Presented by TeleMasters

Is South African Business suffering from ‘phone fatigue’?

Fixed line providers may be following the cellular providers down the road of decreasing telephony usage.

Over the past years, a number of factors have contributed to voice usage slipping and losing ground to other technologies and communication means.

“We have seen both the duration and frequency of fixed line office calls decreasing” says Mario Pretorius, CEO of TeleMasters, “notwithstanding the drastic lowering of phone call costs. It seems that a number of factors are at work here.”

Some of the factors Pretorius mentions are age and technology related.

As in the case of mobile phones, the uptake of text messaging affected business communications too.

“It seems that younger staff is in the habit of and prefers to text rather than call at times” he says.

Talking to young staff, it appears that the control of the conversation is a prime mover to alternatives.

“You sometimes do not want to make small talk with a supplier, says Michelle Hart (19), a Project Administrator at TeleMasters.

“It is more time efficient to email or WhatsApp someone you deal with frequently. The phone call is much more demanding in terms of obligation.

“Many users prefer to use their own mobile phones rather than the desk phone,” Pretorius continues.

“This is where the address book of known collaborators resides. In company terms, anyone that is not on the Speed Dial is an effort to contact by landline.”

As a tool to facilitate business through communications, technology is expanding the choices.

It seems that the refuge of privacy is restricted to WhatsApp or WeChat.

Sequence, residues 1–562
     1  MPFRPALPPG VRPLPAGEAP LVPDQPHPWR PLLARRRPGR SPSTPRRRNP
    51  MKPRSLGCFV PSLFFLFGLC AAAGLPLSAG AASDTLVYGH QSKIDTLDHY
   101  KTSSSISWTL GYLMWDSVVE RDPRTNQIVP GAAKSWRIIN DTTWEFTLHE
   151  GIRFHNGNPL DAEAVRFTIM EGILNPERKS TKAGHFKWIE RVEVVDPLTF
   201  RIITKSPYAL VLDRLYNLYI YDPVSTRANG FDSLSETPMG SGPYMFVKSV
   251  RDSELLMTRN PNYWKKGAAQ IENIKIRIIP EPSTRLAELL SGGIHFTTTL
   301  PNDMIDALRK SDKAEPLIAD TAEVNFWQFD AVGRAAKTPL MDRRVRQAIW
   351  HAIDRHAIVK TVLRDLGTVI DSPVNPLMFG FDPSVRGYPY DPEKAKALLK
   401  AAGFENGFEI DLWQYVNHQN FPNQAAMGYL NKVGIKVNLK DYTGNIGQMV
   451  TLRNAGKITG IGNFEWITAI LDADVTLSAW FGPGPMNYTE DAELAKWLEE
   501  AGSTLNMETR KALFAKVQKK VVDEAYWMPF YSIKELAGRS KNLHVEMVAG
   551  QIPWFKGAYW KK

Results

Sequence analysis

Personal mobile numbers are being called for business, so too are personal text messaging; it’s on the verge of becoming spam.

“Often we hear that someone just doesn’t answer a mobile call presenting a “Private Number” or a number outside the user’s address book. Protecting privacy is becoming a personal issue,” Pretorius said.

“The challenge then is to move to more personal communication to foster the customer-vendor relations.

“For this we will integrate the user’s mobile phone to his office number and publish a company-wide customer and supplier address book in the cloud. We call this Mobi-X.

“The intended benefit is also to have a trace of calls made and received – now on the company’s telephone management system.

“This way it’s traceable and this data in invaluable in assessing the frequency of customer contact- both in and outbound,” he concluded.

The phone call is the new handwritten letter, which went the way of the Xmas card.

It is still the best strategy for connecting on a personal level to see someone in person.

By hearing a person’s voice, you can determine her mood, motivation and other kinds of emotional information that might influence the content of her speech.

E-mail, text messages and other written correspondence are sometimes called “cold” media by psychologists because they give people fewer insights into another’s point of view.

As new kinds of communication tools develop and we figure out the best ways to use them, phone calls could continue move out of the spotlight. But it’s unlikely that they will leave the stage altogether.

TeleMasters will be launching Mobi-X on 10 October.

This article was published in partnership with TeleMasters.

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Is South African Business suffering from ‘phone fatigue’?